— Succession Planning Causes Breakdowns
From the CEO’s perspective, board relationships and communications begin to break down during the succession planning process. Seventy-six percent of CEOs believe they should be more involved in planning their own succession, and many CEOs report that miscommunication with the board about selection decisions and responsibilities is the most difficult part of this process. “Succession planning is full of complex psychological nuances, such as the incumbent CEO’s readiness to step down, that can make it a very difficult process,” said Dr. Saporito. “Earlier RHR research also shows CEOs need more clarity from and alignment with boards during transitions into and out of the C-Suite.”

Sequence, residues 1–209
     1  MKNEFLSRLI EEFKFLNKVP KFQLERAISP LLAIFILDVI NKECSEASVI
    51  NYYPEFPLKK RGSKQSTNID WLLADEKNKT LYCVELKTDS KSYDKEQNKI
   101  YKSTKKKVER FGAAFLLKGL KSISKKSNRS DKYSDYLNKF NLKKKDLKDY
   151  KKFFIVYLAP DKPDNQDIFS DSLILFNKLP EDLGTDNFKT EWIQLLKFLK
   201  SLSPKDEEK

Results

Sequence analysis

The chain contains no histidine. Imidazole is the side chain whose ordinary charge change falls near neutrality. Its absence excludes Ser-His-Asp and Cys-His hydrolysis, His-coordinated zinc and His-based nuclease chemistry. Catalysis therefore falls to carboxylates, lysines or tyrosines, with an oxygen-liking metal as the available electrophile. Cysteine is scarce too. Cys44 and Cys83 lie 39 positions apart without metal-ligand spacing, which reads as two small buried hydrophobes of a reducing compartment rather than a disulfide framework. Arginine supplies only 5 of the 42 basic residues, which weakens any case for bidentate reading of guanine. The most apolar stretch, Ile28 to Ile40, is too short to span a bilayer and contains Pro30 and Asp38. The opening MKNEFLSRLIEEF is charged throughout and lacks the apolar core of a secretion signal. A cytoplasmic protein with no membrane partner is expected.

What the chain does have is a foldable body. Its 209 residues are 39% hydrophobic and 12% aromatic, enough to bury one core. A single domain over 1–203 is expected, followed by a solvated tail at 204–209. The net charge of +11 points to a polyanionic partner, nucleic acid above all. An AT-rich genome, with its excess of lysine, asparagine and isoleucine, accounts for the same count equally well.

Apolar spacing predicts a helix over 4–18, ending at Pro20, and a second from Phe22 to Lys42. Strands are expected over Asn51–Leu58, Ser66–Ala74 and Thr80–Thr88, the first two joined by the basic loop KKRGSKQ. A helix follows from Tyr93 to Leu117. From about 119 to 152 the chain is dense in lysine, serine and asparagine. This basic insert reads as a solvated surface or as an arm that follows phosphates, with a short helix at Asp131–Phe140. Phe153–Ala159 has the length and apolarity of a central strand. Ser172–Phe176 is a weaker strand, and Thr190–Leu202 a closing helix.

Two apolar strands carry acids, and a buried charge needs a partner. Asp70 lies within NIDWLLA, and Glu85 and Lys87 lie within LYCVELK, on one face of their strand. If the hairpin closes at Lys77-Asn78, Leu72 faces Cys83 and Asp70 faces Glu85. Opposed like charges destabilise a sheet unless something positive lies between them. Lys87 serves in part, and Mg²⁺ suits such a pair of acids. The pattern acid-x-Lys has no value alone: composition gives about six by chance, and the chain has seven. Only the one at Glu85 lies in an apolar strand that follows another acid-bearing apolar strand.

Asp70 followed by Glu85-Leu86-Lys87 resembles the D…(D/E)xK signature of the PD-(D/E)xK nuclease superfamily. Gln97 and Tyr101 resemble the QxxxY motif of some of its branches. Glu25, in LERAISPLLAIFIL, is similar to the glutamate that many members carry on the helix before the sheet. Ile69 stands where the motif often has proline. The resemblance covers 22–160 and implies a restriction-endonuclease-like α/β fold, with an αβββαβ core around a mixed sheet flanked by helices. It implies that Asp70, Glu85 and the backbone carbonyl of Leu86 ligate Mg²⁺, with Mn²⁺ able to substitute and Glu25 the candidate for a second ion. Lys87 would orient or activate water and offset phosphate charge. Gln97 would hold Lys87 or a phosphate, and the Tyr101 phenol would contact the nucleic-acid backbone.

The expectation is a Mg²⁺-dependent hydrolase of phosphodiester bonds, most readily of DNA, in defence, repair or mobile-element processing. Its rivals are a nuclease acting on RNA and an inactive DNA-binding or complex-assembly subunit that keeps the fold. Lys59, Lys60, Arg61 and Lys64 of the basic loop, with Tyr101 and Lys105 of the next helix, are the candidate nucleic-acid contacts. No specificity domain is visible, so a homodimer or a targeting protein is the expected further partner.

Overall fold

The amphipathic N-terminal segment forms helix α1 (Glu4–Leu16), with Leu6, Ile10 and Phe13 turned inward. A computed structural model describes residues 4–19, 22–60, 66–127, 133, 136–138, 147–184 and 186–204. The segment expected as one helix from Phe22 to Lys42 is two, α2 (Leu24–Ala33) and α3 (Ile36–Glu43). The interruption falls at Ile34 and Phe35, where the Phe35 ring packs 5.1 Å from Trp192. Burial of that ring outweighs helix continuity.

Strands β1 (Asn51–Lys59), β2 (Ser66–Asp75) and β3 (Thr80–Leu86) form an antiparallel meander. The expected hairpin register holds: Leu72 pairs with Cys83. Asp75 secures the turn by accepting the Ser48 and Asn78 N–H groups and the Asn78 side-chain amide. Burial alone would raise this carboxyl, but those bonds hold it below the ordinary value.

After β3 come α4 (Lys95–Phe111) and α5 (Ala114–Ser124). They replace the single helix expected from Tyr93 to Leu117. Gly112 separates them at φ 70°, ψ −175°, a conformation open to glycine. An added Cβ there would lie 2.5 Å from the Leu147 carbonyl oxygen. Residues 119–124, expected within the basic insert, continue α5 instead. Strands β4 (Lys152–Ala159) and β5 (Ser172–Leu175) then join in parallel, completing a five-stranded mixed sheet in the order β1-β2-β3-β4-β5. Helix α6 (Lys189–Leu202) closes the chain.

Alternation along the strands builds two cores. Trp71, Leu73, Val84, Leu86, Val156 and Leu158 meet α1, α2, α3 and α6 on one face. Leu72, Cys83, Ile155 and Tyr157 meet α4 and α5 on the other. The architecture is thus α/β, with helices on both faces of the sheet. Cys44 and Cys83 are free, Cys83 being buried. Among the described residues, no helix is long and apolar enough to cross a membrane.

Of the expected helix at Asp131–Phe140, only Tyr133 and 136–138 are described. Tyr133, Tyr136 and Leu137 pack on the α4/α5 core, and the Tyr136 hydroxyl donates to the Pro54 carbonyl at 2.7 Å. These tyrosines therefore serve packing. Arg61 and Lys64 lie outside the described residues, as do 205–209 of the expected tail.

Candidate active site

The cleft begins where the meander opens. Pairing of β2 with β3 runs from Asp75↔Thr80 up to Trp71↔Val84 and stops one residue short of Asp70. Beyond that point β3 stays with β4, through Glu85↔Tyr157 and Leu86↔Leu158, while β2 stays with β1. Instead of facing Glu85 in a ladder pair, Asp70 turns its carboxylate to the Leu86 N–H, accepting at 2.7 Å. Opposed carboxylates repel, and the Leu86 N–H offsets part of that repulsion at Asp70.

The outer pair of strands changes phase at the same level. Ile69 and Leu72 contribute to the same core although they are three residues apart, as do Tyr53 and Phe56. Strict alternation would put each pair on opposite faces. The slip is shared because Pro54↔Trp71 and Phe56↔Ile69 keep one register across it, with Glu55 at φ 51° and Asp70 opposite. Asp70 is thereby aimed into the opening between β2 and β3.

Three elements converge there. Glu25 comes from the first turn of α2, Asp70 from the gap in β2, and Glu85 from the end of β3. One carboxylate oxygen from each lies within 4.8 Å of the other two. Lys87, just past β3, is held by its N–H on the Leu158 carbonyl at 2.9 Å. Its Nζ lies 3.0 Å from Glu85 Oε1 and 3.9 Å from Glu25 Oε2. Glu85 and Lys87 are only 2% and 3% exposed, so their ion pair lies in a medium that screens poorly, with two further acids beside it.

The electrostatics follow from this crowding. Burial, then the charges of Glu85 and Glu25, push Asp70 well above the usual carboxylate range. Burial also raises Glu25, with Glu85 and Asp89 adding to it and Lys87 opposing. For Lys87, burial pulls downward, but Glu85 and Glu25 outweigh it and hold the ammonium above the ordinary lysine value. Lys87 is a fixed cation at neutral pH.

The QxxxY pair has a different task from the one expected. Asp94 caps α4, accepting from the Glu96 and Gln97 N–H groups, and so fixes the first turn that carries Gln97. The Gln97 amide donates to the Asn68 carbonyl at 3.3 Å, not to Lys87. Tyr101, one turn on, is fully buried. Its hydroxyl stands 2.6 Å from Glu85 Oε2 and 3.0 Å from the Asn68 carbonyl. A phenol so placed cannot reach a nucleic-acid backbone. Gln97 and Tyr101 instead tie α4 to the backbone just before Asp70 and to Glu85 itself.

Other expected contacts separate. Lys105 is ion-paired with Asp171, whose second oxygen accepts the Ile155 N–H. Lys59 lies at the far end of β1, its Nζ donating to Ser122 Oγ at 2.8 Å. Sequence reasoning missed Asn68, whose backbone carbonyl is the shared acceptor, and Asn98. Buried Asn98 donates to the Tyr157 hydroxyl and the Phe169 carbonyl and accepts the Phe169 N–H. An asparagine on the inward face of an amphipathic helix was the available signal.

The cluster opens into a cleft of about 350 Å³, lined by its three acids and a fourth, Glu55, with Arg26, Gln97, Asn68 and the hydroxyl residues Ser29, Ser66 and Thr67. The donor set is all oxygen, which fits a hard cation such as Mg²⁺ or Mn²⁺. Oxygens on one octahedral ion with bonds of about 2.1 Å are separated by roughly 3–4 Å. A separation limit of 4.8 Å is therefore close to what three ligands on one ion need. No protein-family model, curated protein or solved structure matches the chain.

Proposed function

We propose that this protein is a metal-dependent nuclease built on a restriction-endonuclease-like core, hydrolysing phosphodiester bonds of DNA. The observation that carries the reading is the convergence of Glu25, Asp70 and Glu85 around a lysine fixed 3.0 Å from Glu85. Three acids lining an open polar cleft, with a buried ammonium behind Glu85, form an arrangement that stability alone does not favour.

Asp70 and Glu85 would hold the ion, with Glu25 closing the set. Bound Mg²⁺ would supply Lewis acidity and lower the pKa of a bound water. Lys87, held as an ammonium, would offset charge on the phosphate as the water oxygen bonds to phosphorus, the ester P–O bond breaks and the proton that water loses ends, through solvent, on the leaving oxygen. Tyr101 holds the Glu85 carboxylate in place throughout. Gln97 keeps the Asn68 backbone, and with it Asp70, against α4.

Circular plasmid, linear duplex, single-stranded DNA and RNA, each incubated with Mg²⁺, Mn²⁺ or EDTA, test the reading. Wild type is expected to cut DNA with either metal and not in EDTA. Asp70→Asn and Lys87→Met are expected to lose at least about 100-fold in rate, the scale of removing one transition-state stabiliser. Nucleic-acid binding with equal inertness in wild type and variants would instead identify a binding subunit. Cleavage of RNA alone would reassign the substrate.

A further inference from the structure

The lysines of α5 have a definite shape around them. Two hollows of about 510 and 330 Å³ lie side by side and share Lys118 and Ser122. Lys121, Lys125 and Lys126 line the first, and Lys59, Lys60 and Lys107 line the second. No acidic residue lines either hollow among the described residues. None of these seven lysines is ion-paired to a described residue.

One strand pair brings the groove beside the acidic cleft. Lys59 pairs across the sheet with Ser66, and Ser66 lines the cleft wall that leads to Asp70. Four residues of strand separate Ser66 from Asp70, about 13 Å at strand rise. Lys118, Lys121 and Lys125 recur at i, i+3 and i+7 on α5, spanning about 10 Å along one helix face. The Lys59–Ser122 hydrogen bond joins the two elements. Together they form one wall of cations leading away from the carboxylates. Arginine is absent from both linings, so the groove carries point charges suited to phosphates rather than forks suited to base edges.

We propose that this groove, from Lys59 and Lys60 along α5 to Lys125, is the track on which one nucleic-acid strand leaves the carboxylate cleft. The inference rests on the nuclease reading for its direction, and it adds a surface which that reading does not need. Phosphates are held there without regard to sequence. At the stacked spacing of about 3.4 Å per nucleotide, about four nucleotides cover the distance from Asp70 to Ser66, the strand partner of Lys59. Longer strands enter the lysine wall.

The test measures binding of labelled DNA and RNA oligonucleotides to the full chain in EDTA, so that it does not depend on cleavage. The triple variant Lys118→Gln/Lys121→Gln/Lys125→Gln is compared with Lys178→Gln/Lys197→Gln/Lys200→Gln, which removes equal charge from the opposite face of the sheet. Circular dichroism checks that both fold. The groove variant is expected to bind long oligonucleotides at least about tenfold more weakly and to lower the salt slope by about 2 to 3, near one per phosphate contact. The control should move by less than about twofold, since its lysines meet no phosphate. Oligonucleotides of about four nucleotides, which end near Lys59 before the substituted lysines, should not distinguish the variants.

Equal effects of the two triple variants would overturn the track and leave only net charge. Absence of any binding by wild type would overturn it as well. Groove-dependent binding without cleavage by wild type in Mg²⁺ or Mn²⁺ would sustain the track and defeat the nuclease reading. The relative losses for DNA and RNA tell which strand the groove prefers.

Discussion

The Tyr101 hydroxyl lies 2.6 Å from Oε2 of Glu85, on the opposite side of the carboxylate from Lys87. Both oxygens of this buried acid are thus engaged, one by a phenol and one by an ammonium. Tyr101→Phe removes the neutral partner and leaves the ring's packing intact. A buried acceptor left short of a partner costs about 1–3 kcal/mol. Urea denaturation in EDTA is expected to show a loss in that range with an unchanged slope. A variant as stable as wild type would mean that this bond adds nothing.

— Complexity of the Job Surprises CEOs
There is a disconnect between CEOs’ self-proclaimed preparedness for the job and what they experience when they assume the role. Eighty-seven percent of all CEOs felt prepared for the job, yet of that group, 54% say it was different from what they originally expected. When looking at first-time CEOs only, both percentages rise: 91% felt ready for the job and 72% report it was different from their original expectations. “This is not uncommon,” said Dr. Saporito. “Stress, pressure, and loneliness all combine to create a job unlike any other they have previously had.”
— Isolation Hinders Performance